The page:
The purpose of Corps of Engineers' regulatory program is to protect the nation's aquatic resources, while allowing reasonable development through fair, flexible and balanced permit decisions. The Corps evaluates permit applications for essentially all construction activities that occur in the nation's waters, including wetlands.
The Corps' regulatory program includes Section 10 of the Rivers and Harbors Act of 1899 and Section 404 of the Clean Water Act. The St. Paul District's regulatory jurisdiction covers the states of Minnesota and Wisconsin.
Under Section 10, a Corps permit is required to do any work in, over or under a 'Navigable Water of the U.S.' Waterbodies have been designated as 'Navigable Waters of the U.S.' based on their past, present or potential use for transportation for interstate commerce.
Under Section 404, a Corps permit is required for the discharge of dredged or fill material into waters of the U.S. Many waterbodies and wetlands in the nation are waters of the U.S. and are subject to the Corps' Section 404 regulatory authority.
Before a permit is issued or verified, the Corps must ensure obligations under related federal laws and Tribal Trust responsibilities have been met. Some of the laws for which the Corps must determine compliance are:
- National Historic Preservation Act;
- Endangered Species Act,
- National Environmental Policy Act;, and
- Section 401 of the Clean Water Act.
The amount and complexity of information needed to make a permit decision depends on the project type, location, and degree of adverse impacts. The decision whether to grant or deny a permit is based on compliance with the Clean Water Act and a public interest review of the probable benefits and detriments of the proposed activity.
The following criteria are considered in the evaluation of every application:
- Relative extent of the public and private need of the proposed activity;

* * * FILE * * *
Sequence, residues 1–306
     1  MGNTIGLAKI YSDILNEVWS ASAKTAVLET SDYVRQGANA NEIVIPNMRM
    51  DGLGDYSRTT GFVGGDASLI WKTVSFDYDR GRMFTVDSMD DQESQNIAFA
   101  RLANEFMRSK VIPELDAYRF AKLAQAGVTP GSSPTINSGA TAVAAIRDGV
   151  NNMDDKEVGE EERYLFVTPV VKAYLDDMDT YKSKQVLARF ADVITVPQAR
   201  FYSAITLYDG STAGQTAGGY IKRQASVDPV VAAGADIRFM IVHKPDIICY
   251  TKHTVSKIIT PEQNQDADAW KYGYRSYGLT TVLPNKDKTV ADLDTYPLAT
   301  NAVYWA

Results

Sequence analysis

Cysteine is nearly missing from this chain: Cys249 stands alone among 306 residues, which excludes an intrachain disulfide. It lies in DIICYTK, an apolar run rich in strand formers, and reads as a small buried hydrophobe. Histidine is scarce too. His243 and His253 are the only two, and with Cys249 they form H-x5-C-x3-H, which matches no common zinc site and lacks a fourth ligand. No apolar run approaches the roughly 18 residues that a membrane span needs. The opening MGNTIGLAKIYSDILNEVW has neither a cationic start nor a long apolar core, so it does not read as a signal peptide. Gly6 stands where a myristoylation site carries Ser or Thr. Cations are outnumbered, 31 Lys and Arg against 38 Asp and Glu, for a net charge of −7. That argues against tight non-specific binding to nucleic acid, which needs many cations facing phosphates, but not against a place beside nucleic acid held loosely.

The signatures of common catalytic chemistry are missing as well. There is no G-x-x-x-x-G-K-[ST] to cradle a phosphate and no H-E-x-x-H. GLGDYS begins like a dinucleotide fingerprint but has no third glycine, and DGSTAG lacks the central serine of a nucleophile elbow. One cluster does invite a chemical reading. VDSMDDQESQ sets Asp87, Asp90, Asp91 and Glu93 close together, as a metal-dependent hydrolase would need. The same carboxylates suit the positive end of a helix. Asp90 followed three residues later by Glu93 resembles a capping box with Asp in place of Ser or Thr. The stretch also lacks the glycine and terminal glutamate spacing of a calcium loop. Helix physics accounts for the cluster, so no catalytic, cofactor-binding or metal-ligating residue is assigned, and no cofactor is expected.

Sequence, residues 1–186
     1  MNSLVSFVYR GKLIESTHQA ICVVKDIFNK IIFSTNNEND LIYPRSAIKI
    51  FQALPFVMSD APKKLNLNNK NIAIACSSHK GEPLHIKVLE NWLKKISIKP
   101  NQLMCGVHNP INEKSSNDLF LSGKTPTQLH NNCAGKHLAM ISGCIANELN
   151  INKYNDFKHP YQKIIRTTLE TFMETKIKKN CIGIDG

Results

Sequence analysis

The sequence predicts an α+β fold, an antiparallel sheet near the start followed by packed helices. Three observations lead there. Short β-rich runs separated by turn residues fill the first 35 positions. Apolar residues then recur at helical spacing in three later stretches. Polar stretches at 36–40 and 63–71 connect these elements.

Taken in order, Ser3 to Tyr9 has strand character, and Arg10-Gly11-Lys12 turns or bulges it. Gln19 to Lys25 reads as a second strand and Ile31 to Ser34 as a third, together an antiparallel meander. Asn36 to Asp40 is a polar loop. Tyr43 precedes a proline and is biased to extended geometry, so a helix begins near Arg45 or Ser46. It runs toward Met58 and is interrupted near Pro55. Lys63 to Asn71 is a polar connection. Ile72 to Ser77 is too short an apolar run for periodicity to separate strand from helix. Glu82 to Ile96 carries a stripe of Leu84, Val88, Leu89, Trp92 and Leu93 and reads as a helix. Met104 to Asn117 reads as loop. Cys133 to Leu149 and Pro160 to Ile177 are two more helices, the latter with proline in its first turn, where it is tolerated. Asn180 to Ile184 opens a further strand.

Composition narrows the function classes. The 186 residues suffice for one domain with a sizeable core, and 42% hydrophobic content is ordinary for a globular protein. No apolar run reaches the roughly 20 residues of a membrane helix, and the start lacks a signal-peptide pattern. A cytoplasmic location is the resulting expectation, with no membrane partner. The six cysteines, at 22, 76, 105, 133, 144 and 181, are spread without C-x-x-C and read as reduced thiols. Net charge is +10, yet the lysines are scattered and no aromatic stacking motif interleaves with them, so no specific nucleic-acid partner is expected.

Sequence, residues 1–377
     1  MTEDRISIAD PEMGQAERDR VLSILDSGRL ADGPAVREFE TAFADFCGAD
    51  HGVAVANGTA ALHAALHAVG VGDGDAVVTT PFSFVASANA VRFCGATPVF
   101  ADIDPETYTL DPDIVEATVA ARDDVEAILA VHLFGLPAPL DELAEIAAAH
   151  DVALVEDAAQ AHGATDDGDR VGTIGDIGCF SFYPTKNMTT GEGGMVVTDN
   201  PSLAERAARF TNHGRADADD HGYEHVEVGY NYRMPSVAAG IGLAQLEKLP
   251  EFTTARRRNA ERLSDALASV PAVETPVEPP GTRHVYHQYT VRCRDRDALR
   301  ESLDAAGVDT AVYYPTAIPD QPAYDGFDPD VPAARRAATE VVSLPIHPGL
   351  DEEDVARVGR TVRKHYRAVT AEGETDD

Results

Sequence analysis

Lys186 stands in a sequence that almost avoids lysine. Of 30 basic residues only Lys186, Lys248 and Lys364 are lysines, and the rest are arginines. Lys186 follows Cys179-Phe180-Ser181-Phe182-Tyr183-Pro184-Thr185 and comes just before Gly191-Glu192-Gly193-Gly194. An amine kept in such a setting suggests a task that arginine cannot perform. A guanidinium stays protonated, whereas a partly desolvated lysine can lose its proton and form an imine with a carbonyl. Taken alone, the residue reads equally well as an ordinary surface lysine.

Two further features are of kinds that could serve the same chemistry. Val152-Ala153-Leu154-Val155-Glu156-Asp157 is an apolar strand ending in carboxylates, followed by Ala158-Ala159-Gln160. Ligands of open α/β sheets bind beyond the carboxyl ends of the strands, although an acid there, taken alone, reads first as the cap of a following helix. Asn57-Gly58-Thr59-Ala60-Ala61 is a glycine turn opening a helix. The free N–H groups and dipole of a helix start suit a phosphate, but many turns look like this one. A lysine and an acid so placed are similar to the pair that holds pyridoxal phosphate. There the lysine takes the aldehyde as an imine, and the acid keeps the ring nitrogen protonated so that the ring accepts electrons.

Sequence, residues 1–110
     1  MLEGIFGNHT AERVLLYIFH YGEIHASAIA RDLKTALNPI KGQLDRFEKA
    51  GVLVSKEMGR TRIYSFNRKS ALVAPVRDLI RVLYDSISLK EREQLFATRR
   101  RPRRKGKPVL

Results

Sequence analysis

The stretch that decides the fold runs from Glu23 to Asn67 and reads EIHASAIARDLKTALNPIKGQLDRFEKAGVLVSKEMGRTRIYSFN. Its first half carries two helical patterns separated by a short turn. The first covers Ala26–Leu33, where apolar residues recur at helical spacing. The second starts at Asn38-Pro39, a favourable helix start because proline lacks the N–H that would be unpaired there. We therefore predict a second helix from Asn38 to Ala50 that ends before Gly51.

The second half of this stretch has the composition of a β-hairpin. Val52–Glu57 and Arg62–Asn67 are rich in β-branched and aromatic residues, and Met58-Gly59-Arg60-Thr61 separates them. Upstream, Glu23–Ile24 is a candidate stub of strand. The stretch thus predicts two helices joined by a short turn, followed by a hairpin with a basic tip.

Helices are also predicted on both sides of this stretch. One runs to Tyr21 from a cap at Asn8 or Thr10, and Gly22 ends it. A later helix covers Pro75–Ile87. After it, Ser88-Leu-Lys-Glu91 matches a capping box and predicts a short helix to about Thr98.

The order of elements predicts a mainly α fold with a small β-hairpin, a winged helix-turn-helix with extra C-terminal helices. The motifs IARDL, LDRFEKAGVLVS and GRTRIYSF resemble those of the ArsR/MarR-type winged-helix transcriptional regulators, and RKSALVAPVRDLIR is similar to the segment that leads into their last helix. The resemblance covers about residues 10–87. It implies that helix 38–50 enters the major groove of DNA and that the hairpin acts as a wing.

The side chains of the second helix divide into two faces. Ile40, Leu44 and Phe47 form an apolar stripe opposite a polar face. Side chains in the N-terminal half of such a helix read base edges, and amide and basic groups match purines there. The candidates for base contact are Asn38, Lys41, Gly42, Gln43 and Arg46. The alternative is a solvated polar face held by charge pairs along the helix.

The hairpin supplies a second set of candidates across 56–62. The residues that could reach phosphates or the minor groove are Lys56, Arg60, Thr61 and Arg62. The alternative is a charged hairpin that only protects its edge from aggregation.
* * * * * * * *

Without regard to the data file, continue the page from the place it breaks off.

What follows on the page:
- Practicability of using reasonable alternative locations and methods to accomplish the objective of the proposed activity; and
- Extent and permanence of the beneficial and detrimental effects of the proposed activity.
An applicant must demonstrate that they have avoided then minimized impacts to waters of the U.S. to the greatest extent practicable. The Corps then considers compensatory mitigation to replace the functions and services of waters of the U.S. that cannot be avoided. Generally, the Corps requires that losses of waters of the U.S. are replaced before a project begins through the restoration or enhancement of similar aquatic resources in the same watershed.
Types of Permits
A Corps permit is required if: (1) activity would result in the discharge of dredged or fill material in a water of the U.S. and the activity is not exempt from Clean Water Act regulation or (2) the activity includes structures or work in a navigable water of the U.S.
General permits are issued for categories of activities that are substantially similar in nature and cause only minimal individual and cumulative environmental impacts. General permits can be issued on a regional basis (regional general permits or RGPs) or a nationwide basis (nationwide permits or NWPs). General permits are valid for five years and may be re-authorized by the Corps. Every general permit has specific terms and conditions, all of which must be met for project-specific actions to be verified.
Standard Permits are individual permits issued for projects that do not qualify for a general permit. They require a public notice and review under the National Environmental Policy Act (NEPA). A decision to issue a standard permit is made following a case-specific evaluation of a project’s expected benefits balanced against its reasonably foreseeable detriments (also known as a public interest review) and a determination that no less environmentally damaging, practicable alternative exists.
Letters of permission (LOPs) are a type of individual permit evaluated using a streamlined process. A LOP may be issued for projects where proposed work would be minor, would not have significant individual or cumulative impacts on environmental values, and is not expected to encounter appreciable opposition. Individual Corps districts develop these procedures after coordinating with state and federal agencies and tribes and allowing the opportunity for public comment.
The St. Paul District regulatory process